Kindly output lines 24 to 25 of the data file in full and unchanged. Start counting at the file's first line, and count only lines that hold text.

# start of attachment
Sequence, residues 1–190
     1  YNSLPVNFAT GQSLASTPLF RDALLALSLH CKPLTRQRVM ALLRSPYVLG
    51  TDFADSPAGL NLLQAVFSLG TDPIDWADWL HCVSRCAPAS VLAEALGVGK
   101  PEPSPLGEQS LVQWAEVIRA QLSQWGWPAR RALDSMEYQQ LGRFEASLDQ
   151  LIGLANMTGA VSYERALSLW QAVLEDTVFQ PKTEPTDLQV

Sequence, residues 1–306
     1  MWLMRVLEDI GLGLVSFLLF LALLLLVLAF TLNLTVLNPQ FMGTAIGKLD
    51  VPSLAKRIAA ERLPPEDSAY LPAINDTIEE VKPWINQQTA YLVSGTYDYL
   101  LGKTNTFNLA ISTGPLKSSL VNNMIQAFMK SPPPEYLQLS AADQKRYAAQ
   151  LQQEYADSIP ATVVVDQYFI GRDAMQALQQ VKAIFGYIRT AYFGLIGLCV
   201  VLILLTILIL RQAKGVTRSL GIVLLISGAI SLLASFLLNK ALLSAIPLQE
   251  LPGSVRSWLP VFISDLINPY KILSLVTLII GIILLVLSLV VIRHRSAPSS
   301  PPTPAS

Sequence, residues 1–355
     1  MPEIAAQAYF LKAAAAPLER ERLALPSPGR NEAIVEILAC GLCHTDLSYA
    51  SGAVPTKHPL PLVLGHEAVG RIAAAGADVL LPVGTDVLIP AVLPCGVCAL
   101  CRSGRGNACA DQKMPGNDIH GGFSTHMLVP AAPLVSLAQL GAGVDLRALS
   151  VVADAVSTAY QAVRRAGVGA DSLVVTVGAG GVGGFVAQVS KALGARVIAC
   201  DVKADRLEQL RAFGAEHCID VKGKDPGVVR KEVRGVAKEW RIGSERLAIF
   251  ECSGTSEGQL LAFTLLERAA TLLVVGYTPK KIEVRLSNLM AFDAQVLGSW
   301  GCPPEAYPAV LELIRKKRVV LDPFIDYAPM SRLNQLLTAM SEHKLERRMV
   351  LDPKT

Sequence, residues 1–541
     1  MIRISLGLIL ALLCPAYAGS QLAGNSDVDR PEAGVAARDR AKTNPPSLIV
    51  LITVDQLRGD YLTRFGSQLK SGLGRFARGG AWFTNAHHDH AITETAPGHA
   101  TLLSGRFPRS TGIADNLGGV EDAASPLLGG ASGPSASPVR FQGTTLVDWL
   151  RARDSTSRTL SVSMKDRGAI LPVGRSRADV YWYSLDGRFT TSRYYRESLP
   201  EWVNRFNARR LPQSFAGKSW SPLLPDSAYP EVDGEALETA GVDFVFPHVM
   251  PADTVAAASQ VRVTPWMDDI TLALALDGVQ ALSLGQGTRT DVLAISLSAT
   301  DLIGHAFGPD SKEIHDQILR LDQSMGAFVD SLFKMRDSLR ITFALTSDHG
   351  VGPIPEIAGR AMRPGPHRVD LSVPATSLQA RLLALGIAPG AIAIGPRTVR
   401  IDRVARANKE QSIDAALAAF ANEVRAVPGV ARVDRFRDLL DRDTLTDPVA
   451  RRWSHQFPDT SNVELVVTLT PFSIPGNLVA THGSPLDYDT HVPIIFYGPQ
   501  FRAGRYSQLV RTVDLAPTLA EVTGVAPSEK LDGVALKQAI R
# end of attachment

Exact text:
     1  MIRISLGLIL ALLCPAYAGS QLAGNSDVDR PEAGVAARDR AKTNPPSLIV
    51  LITVDQLRGD YLTRFGSQLK SGLGRFARGG AWFTNAHHDH AITETAPGHA